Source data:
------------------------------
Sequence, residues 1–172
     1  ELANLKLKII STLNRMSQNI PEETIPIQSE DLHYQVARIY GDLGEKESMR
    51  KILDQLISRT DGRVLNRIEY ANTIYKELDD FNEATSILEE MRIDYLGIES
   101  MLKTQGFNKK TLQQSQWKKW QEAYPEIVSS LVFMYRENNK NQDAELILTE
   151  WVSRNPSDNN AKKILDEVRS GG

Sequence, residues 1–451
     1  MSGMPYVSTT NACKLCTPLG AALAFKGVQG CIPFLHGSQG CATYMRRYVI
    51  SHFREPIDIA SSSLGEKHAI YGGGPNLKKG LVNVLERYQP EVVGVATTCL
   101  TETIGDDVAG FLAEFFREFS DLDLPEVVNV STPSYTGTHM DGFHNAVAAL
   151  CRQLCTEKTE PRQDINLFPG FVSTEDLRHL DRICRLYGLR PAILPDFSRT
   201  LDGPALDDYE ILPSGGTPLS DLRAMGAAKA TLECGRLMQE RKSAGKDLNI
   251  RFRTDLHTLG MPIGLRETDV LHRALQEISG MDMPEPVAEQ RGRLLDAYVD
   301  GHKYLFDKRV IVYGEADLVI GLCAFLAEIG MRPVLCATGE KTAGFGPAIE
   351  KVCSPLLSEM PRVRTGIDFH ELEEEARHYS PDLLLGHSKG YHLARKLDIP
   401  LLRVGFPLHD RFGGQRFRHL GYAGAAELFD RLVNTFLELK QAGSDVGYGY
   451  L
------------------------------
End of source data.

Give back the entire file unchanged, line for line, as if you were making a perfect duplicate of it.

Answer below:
Sequence, residues 1–172
     1  ELANLKLKII STLNRMSQNI PEETIPIQSE DLHYQVARIY GDLGEKESMR
    51  KILDQLISRT DGRVLNRIEY ANTIYKELDD FNEATSILEE MRIDYLGIES
   101  MLKTQGFNKK TLQQSQWKKW QEAYPEIVSS LVFMYRENNK NQDAELILTE
   151  WVSRNPSDNN AKKILDEVRS GG

Sequence, residues 1–451
     1  MSGMPYVSTT NACKLCTPLG AALAFKGVQG CIPFLHGSQG CATYMRRYVI
    51  SHFREPIDIA SSSLGEKHAI YGGGPNLKKG LVNVLERYQP EVVGVATTCL
   101  TETIGDDVAG FLAEFFREFS DLDLPEVVNV STPSYTGTHM DGFHNAVAAL
   151  CRQLCTEKTE PRQDINLFPG FVSTEDLRHL DRICRLYGLR PAILPDFSRT
   201  LDGPALDDYE ILPSGGTPLS DLRAMGAAKA TLECGRLMQE RKSAGKDLNI
   251  RFRTDLHTLG MPIGLRETDV LHRALQEISG MDMPEPVAEQ RGRLLDAYVD
   301  GHKYLFDKRV IVYGEADLVI GLCAFLAEIG MRPVLCATGE KTAGFGPAIE
   351  KVCSPLLSEM PRVRTGIDFH ELEEEARHYS PDLLLGHSKG YHLARKLDIP
   401  LLRVGFPLHD RFGGQRFRHL GYAGAAELFD RLVNTFLELK QAGSDVGYGY
   451  L